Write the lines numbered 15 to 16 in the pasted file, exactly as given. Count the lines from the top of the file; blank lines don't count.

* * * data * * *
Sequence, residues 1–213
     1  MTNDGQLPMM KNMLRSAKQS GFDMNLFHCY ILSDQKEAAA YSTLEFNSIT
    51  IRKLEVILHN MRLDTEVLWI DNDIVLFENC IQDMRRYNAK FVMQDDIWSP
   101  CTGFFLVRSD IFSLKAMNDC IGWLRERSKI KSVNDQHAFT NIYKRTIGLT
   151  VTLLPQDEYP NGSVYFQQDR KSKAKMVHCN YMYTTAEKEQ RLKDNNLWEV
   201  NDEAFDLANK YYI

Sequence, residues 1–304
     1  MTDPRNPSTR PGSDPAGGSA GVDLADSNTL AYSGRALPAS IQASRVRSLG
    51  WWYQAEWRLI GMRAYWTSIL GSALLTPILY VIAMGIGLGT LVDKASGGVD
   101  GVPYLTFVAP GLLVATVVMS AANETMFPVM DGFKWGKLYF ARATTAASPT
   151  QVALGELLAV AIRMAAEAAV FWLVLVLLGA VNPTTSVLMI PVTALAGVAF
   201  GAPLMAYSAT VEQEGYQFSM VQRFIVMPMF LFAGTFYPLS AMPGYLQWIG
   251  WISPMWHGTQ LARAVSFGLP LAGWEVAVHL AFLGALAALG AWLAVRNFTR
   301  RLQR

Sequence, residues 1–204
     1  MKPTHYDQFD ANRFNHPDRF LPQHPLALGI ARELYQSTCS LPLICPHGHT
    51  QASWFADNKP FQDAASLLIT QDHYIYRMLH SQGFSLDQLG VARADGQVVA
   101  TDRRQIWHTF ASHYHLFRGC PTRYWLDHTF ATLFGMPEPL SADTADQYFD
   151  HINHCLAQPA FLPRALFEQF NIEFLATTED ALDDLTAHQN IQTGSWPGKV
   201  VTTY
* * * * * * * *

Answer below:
Sequence, residues 1–204
     1  MKPTHYDQFD ANRFNHPDRF LPQHPLALGI ARELYQSTCS LPLICPHGHT